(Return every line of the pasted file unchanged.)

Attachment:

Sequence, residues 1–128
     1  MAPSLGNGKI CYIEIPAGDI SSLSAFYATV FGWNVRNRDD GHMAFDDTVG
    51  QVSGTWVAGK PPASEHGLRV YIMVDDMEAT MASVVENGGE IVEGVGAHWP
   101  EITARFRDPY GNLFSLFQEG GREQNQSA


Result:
Sequence, residues 1–128
     1  MAPSLGNGKI CYIEIPAGDI SSLSAFYATV FGWNVRNRDD GHMAFDDTVG
    51  QVSGTWVAGK PPASEHGLRV YIMVDDMEAT MASVVENGGE IVEGVGAHWP
   101  EITARFRDPY GNLFSLFQEG GREQNQSA